Published in: Clinical Neurophysiology
Lead Author: Jennifer L. O’Brien, PhD, University of South Florida 
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“Adjusting brain dynamics in schizophrenia by means of perceptual and cognitive training”
Published in: PLoS One
Lead Author: Tzvetan Popov, University of Konstanz (Germany) 
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“Cognitive training changes hippocampal function in mild cognitive impairment: A pilot study”
Published in: Journal of Alzheimer’s Disease
Lead Author: Allyson C. Rosen, PhD, Stanford University
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“The neural correlates of an expanded functional field of view”
Published in: Journals of Gerontology Series B
Lead Author: Paige E. Scalf, PhD, University of Arizona
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“A combination of physical activity and computerized brain training improves verbal memory and increases cerebral glucose metabolism in the elderly”
Published in: Translational Psychiatry
Lead Author: Tejal Shah, University of Western Australia
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“Neurocognitive enhancement in older adults: Comparison of three cognitive training tasks to test a hypothesis of training transfer in brain connectivity”
Published in: NeuroImage
Lead Author: Maren Strenziok, PhD, George Mason University
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“Computerized cognitive training restores neural activity within the reality monitoring network in schizophrenia”
Published in: Neuron
Lead Author: Karuna Subramaniam, PhD, University of California, San Francisco
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“Is serum brain-derived neurotrophic factor a biomarker for cognitive enhancement in schizophrenia?”
Published in: Biological Psychiatry
Lead Author: Sophia Vinogradov, PhD, University of California, San Francisco
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“The influence of perceptual training on working memory in older adults”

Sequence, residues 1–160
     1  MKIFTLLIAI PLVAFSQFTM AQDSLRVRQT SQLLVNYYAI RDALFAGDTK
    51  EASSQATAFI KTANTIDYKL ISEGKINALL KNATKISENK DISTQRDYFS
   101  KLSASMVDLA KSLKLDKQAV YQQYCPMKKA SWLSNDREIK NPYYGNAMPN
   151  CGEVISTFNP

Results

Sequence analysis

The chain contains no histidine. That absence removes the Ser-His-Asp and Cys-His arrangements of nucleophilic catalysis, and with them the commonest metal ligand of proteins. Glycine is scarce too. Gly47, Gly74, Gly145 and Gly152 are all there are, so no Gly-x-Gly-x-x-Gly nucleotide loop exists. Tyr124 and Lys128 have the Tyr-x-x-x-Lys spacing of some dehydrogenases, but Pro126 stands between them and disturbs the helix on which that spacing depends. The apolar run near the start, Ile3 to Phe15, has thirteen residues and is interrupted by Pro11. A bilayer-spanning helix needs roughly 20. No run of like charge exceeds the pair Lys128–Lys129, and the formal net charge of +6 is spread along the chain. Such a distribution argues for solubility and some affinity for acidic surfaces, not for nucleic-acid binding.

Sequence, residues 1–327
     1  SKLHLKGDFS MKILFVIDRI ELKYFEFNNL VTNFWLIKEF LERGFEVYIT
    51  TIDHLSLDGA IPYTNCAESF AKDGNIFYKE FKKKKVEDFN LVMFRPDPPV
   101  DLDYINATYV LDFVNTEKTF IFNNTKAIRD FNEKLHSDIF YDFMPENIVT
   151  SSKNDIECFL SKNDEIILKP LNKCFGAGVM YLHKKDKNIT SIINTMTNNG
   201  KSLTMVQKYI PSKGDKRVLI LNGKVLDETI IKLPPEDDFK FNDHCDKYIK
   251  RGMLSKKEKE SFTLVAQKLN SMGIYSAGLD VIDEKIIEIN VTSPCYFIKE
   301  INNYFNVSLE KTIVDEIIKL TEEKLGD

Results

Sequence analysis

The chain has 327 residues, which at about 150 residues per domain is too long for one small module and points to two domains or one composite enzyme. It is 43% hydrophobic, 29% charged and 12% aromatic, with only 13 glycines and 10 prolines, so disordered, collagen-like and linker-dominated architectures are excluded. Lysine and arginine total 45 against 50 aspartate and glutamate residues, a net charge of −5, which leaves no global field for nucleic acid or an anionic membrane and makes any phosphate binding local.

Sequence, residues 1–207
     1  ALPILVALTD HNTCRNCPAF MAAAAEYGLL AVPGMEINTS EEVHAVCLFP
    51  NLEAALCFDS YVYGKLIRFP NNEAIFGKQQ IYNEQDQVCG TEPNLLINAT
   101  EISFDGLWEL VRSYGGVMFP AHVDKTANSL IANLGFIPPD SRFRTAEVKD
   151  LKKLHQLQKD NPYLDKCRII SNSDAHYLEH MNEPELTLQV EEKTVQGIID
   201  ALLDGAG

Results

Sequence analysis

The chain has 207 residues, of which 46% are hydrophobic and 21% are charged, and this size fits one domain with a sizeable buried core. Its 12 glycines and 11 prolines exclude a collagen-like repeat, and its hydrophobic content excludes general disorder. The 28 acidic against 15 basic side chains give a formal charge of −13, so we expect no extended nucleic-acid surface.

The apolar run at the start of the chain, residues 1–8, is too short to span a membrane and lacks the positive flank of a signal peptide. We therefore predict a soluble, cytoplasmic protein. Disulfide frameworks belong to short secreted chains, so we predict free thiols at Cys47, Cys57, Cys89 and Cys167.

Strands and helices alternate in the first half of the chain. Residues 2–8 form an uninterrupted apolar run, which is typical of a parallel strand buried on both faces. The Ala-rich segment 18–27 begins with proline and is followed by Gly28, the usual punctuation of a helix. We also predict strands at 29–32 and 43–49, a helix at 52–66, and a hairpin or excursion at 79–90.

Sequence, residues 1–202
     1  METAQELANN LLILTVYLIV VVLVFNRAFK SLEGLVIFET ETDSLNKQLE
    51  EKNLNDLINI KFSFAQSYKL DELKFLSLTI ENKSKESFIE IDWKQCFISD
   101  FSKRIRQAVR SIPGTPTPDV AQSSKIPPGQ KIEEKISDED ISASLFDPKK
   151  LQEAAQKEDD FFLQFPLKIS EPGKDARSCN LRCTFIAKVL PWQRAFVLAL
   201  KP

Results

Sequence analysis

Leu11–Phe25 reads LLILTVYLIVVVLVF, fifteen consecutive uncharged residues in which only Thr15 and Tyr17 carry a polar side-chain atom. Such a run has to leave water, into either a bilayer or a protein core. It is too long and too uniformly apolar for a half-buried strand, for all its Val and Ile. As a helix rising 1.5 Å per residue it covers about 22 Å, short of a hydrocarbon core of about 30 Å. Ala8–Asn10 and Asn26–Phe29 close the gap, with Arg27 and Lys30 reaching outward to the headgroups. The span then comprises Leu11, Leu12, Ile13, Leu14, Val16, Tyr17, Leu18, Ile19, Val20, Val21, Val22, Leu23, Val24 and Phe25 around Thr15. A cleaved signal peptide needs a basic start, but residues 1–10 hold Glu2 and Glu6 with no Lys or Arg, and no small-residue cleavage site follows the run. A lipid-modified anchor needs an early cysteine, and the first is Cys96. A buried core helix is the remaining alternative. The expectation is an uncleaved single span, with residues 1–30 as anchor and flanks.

Published in: PLoS One
Lead Author: Anne S. Berry, PhD, University of California, Berkeley
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“Neuroscience-informed auditory training in schizophrenia: A final report of the effects on cognition and serum brain-derived neurotrophic factor”
Published in: Schizophrenia Research: Cognition
Lead Author: Sophia Vinogradov, PhD, University of California, San Francisco
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“Neuroplastic effects of combined computerized physical and cognitive training in elderly individuals at risk for dementia: an eloreta controlled study on resting states”
Published in: Neural Plasticity
Lead Author: Panagiotis Bamidis, PhD, Aristotle University of Thessaloniki
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“Nurse-enhanced computerized cognitive training increases serum brain-derived neurotropic factor levels and improves working memory in heart failure”
Published in: Journal of Cardiac Failure
Lead Author: Bruno J Giordani, PhD, University of Michigan School of Nursing, Ann Arbor, Michigan
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“Targeted training modifies oscillatory brain activity in schizophrenia patients”
Published in: NeuroImage
Lead Author: Brigitte Rockstroh, PhD, University Konstanz, Germany
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“Neural plasticity underlying visual perceptual learning in aging”
Published in: Brain Research
Lead Author: Jyoti Mishra, PhD, University of California, San Francisco 
View abstract